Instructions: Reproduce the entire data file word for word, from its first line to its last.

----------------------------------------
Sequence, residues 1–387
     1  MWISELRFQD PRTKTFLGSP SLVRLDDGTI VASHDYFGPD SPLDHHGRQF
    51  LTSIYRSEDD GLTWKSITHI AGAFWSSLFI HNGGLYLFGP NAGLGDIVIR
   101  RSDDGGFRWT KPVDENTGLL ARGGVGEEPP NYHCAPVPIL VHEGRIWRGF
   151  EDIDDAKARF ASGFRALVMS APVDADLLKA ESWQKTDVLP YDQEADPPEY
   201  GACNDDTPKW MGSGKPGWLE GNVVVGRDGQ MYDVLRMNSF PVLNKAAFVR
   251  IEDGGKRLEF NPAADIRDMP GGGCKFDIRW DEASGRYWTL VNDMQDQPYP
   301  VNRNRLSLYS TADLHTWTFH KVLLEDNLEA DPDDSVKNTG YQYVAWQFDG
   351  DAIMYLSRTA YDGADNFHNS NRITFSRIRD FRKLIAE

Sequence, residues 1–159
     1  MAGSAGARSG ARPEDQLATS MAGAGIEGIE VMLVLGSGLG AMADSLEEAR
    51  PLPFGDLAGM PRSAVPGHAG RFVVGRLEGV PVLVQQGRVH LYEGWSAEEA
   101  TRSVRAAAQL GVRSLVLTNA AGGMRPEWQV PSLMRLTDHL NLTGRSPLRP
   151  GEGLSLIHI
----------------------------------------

Sequence, residues 1–387
     1  MWISELRFQD PRTKTFLGSP SLVRLDDGTI VASHDYFGPD SPLDHHGRQF
    51  LTSIYRSEDD GLTWKSITHI AGAFWSSLFI HNGGLYLFGP NAGLGDIVIR
   101  RSDDGGFRWT KPVDENTGLL ARGGVGEEPP NYHCAPVPIL VHEGRIWRGF
   151  EDIDDAKARF ASGFRALVMS APVDADLLKA ESWQKTDVLP YDQEADPPEY
   201  GACNDDTPKW MGSGKPGWLE GNVVVGRDGQ MYDVLRMNSF PVLNKAAFVR
   251  IEDGGKRLEF NPAADIRDMP GGGCKFDIRW DEASGRYWTL VNDMQDQPYP
   301  VNRNRLSLYS TADLHTWTFH KVLLEDNLEA DPDDSVKNTG YQYVAWQFDG
   351  DAIMYLSRTA YDGADNFHNS NRITFSRIRD FRKLIAE

Sequence, residues 1–159
     1  MAGSAGARSG ARPEDQLATS MAGAGIEGIE VMLVLGSGLG AMADSLEEAR
    51  PLPFGDLAGM PRSAVPGHAG RFVVGRLEGV PVLVQQGRVH LYEGWSAEEA
   101  TRSVRAAAQL GVRSLVLTNA AGGMRPEWQV PSLMRLTDHL NLTGRSPLRP
   151  GEGLSLIHI